Justin Jones: [00:34:29] yeah. It virtually all of them.

Um, you know, and that's one of the things we're learning. Um, as we genetically engineer these silkworms, when we produce different strains of them is we can mimic a wide range of different plastic materials. Uh, we don't even fully know the extent of that range yet. Uh, cause you know, with our joint research agreement, we're, we're focused in on a couple of different specific properties, you know, something similar to elastic.

Can we produce that using a yeah. Yeah. So, uh, you know, we don't fully know yet where that's going to come in. Um, but, uh, we'll, we're looking forward to figuring it out here in the next year or two. Yeah. 

Wyatt Archer: [00:35:02] Yeah. So you've mentioned that it's green a lot and green is like often using a lot of marketing stuff for people to feel, not so bad about being like mass consumers and when those products aren't even actually that green.

Right. Um, despite her silk have the potential to actually like be green. Yeah. Because like, yeah, just because the product isn't going to like break down into microplastics in our wastewater doesn't mean it doesn't take an incredible amount of energy 

Justin Jones: [00:35:32] to produce. Yeah, no, no, you're exactly right. Uh, and it's something we paid attention to.

Um, and, and so you're right. The process of producing recombinant a spider silks in bacteria, I would hesitate to call that process entirely green until it was, you know, refined to a great deal. Right. You were recycling. Recycling medias and ingredients and, and heat exchanging and doing that. Silkworms on the other hand, I have no problem arguing the greenness of that material.

Um, because they're fed Mulberry leaves. They're, you know, they're raised, uh, our environment is going to be much different than what's going on now. Um, but even then the energy consumption won't be that great, uh, in order to, uh, produce the silkworms and then the soap soap silkworms we'll spend the silk forest and then all we have to do is harvest it and we're not using harsh chemicals to do so.

We're not even using, you know, very high temperatures of heat. Uh, and it's an automated, automated process. So, um, we're not at least with a silkworm process. We're not adding anything back to the environment in terms of, uh, you know, CEO or CO2 emissions, uh, in that entire process. So 

Wyatt Archer: [00:36:36] once like the alfalfa or the bacteria production process get like refined and they're like, like a well-oiled machine, what makes it green at that point?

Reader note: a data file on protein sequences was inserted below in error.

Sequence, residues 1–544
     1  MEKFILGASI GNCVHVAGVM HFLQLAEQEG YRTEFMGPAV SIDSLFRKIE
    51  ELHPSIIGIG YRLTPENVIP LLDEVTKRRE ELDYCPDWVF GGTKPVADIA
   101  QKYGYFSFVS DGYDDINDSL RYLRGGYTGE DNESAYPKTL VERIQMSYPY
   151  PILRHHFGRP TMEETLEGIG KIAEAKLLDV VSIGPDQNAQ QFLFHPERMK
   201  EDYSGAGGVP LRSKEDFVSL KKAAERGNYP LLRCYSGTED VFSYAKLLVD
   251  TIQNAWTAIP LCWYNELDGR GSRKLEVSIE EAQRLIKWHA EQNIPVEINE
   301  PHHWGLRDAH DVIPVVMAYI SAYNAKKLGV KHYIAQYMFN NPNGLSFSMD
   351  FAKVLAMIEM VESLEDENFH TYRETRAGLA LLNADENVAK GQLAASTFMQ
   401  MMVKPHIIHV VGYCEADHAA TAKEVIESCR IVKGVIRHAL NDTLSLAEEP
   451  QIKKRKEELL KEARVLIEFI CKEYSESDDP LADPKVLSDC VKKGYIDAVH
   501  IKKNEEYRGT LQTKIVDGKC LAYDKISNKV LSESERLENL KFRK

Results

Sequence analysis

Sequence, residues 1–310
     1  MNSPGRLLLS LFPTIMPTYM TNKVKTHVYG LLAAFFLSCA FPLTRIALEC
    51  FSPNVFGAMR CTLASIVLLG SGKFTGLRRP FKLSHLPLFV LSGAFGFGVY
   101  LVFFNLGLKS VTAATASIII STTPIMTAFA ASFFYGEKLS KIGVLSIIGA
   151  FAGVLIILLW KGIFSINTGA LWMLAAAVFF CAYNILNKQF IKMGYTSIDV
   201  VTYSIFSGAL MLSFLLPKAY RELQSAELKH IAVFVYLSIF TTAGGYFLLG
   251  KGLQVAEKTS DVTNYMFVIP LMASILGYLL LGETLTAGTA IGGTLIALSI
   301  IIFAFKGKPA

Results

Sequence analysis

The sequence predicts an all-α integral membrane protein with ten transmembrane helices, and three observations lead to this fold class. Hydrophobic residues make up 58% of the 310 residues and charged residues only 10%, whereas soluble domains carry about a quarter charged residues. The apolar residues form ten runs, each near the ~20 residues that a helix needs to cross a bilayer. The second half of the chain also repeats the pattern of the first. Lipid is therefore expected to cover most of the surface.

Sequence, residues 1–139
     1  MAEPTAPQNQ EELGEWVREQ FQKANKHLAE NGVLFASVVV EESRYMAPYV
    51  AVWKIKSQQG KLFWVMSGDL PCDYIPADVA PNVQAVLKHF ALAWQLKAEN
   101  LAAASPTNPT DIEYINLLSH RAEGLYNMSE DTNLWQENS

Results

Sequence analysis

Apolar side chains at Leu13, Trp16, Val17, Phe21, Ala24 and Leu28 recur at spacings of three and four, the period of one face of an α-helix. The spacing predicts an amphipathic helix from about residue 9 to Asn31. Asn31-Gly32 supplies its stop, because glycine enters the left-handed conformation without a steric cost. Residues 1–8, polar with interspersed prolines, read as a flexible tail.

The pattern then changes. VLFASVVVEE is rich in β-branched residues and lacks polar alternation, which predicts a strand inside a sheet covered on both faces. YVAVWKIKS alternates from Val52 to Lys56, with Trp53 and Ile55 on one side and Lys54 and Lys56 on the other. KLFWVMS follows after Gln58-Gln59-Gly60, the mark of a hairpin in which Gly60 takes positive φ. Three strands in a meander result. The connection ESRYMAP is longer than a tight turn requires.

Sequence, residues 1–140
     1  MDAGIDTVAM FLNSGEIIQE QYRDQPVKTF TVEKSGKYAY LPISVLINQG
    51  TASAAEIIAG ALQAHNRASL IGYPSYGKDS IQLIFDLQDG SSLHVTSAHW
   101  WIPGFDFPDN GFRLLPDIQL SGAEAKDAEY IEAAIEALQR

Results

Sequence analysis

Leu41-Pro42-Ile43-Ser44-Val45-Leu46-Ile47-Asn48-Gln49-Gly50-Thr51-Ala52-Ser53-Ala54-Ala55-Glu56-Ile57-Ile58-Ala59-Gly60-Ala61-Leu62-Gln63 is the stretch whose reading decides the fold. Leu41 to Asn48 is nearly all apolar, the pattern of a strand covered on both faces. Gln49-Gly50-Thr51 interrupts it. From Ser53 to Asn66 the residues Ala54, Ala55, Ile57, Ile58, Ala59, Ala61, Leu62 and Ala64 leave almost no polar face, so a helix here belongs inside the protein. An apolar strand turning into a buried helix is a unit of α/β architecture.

Justin Jones: [00:36:46] I think it's going to take a fair amount of research and development, uh, to make the process green, right? Because like I mentioned, you know, and just using alfalfa as an example, uh, you know, purifying stuff in the laboratory is relatively straightforward. Now translate that to produce enough material, to make a golf shirt, uh, forever.

Golfing male in the United States. And that's an entirely different scale, uh, that is going to consume energy. It is going to require some light chemicals. Um, so it's going to take refinement of those process. You're gonna establish those processes, then you're going to figure out how do we make this better to the point where, you know, you're pretty comfortable calling a green product.

And also with alfalfa, you know, we're only taking one protein out of the entire plant. All the rest of that can be utilized as feed or, or to produce, uh, ethanol or something like that. Yeah. 

Wyatt Archer: [00:37:34] I have no idea. I'm just saying. So, um,

So before you were the leader of this research group, Randy Lewis was, um, if you were to look back on like the, the evolution of spider silk technology, how do you see like those roles? 

Justin Jones: [00:37:49] Yeah, obviously I hope over, over the course of my career that we actually get some of these problems figured out. Uh, and that's definitely my goal.

Uh, My department of defense contracts, as well as my joint research agreements, um, you know, is how do, how do we solve some of these key problems such that, you know, we can actually start putting something out there, uh, that people can use. Um, so my hope is, is, is over the course of my career and hopefully much shorter than that in the next 10 years, um, that we've actually got something to market.

Um, and, and that, that, you know, you can actually go buy off the shelf and use, um, but. It's not going to be the end all to be all either, right. As we make those improvements, that's going to lead us down new rabbit holes. If you will, of, of particularly applicable research to different applications.

Wyatt Archer: [00:38:38] Thank you for listening to this episode of instead it was produced and edited by me. Wyatt Archer, with the help of , Brigitte Hugh as part of our work in the office of research at Utah state university.